Complications, contention, and complexities will often emerge when attempting to integrate a non-Agile vendor implementation within an Agile organization or team. From my experience, many vendors already have a phased project plan template established for their portion of the work and this can seem somewhat. What is an Agile team to do if they are dependent on a vendor for a piece of an overall solution?
While this can be a challenging scenario, here are the elements I look at when establishing a framework for “blending” agility between seemingly dissimilar frameworks and mindsets:
Shared Language. Establish a common and shared language. Are we going to have a period of requirements gathering or product discovery? Are we going to use function points or story points to size and scope? Remove any ambiguity between the two groups. Infuse as much “agility” into the language as possible. Developing a language map will anchor and guide our future conversations and frame the context of our working relationship. While a coach may need to initially help with this, developing a language map works best when co-created by those performing the work. Ideally, this language is worked into the contract but this often happens after the contract has been signed.
Note: Without establishing this shared context, everything else becomes challenging.
Roles. Ensure roles are clear and concise across all team members. Is there a Scrum Master locally but a Project Manager coming from the vendor? Will testing be performed by local testers or by the vendor? Does everyone understand their role and how each role should interact with each other? Here is an exercise to develop role clarity if you need one.
Developing empathy between roles and understanding the expectations of each role is important here. For example, the Project Manager from the vendor is most likely being requested for specific information and status from vendor leadership. What can we do to help them get what they need while still aligning to Agile values and principles?
Work Products. Each role, spanning both groups, should know what they are responsible to create or build. Will we have a project plan, product roadmap, or a release plan (or all three…or none of the three)? How will requirements be captured? Will we be writing user stories or work items? Will we have one shared product backlog or will there be a separate one for the vendor? Much of this can be resolved by aligning around the common language established together.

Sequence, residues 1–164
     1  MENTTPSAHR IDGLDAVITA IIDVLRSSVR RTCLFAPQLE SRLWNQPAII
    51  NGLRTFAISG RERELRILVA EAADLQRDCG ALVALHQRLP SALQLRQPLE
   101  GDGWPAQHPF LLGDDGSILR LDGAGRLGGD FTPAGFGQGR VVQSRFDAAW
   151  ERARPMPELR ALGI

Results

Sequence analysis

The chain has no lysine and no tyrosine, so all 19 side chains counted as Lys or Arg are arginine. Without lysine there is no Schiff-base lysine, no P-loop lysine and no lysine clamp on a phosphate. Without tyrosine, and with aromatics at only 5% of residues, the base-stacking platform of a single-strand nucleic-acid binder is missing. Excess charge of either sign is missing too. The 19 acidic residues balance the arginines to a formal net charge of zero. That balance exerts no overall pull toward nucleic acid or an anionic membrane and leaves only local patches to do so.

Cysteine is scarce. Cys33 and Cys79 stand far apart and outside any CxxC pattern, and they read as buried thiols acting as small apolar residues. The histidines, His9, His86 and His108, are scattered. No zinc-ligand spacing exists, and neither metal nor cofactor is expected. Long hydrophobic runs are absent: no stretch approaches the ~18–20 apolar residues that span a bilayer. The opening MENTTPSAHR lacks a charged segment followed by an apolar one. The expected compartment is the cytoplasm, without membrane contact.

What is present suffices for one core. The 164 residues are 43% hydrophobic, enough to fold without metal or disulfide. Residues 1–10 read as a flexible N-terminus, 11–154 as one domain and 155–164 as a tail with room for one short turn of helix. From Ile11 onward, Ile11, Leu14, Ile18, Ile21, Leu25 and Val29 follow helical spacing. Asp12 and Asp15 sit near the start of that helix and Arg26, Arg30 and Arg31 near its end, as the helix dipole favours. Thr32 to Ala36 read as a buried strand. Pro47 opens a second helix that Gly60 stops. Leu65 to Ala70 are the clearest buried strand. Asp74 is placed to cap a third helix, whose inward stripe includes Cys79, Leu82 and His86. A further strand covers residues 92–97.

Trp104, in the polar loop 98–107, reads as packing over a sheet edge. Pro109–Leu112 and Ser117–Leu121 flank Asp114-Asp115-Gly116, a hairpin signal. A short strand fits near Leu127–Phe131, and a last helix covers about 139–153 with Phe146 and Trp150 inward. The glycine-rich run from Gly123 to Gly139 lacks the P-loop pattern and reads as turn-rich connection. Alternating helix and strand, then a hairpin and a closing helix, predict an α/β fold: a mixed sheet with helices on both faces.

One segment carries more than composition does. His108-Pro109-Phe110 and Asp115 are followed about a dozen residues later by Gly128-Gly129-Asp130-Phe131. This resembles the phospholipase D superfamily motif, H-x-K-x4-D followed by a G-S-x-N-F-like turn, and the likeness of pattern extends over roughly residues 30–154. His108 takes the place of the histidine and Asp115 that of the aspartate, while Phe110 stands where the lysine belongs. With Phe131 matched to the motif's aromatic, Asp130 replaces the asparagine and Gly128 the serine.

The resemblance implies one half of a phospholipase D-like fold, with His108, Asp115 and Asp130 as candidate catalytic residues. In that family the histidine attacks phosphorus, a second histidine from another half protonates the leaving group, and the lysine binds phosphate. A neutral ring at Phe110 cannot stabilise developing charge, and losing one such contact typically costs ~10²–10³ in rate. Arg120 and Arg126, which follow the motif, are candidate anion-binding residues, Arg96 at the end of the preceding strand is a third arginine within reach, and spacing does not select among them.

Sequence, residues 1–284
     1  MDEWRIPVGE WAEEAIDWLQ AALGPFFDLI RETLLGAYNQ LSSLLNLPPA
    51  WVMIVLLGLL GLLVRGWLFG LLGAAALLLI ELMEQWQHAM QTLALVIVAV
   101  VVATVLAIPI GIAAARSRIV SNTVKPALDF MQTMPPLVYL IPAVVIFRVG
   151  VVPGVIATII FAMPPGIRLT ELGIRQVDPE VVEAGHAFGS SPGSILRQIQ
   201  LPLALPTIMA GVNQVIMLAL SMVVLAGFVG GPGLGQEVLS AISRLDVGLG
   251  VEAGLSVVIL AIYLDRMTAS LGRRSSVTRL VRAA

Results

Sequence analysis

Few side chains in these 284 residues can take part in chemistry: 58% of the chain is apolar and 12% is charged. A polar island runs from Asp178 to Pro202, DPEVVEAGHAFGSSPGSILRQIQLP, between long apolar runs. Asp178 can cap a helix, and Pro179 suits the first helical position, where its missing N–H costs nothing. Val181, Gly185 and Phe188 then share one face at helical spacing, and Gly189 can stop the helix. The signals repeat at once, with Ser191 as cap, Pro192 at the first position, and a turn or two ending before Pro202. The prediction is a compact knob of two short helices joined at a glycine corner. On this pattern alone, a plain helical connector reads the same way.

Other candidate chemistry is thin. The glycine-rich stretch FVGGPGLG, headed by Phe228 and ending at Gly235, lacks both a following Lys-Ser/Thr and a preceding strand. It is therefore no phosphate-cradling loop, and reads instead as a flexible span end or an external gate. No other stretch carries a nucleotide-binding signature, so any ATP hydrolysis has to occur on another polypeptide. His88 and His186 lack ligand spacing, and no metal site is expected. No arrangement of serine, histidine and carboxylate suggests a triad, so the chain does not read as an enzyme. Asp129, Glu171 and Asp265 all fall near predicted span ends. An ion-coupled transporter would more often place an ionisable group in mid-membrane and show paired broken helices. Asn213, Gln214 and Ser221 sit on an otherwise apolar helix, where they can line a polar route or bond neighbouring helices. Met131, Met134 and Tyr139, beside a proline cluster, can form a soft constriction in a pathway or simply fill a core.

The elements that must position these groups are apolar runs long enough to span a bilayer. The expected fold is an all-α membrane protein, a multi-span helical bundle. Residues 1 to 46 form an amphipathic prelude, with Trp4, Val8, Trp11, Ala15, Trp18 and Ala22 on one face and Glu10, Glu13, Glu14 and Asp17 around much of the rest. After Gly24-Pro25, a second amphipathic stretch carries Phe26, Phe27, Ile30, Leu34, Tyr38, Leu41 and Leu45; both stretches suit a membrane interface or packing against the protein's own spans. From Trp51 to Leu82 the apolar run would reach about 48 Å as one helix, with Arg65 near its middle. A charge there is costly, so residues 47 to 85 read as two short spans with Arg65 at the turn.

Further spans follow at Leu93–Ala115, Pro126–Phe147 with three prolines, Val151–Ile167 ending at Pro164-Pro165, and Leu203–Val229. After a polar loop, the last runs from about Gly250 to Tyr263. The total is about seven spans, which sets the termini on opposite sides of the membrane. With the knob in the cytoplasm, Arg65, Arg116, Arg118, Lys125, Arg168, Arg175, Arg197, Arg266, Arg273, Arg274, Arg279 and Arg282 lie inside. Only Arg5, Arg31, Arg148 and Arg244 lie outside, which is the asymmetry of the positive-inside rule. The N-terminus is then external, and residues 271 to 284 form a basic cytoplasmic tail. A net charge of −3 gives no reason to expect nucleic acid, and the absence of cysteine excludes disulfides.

Ceremonies. Determine how and when we will communicate and synchronize with each other. Will we have daily stand-ups or weekly check-ins? When and how will we demonstrate working software? This is often when it gets tricky as the vendor may pull out their phased project plan and expect the Agile team to wait until they complete a phase before seeing any progress. Again, fall back to the common language and find opportunities to see progress frequently and iteratively.
Activities. Determine the activities each role will need to do to support the creation of the work products and facilitate the ceremonies. Who will be facilitating the ceremonies? Who will be responsible for grooming the backlog, how will we size the work, etc.? When will we plan, build, and test together? Be explicit but modify and improve as you go.
Information Radiation. Establish the means to communicate our progress and be accountable to each other. Vendor teams are often remote so this obviously means setting up some kind tool for shared visibility and interaction.
Escalation. Establish the approach to escalate impediments across all groups involved. Who needs to know what and when? What is the protocol when the team can’t solve something or doesn’t have what they need?
Have you worked with a vendor to create a blended agile environment? What worked for you? What didn’t? Would love you hear your thoughts.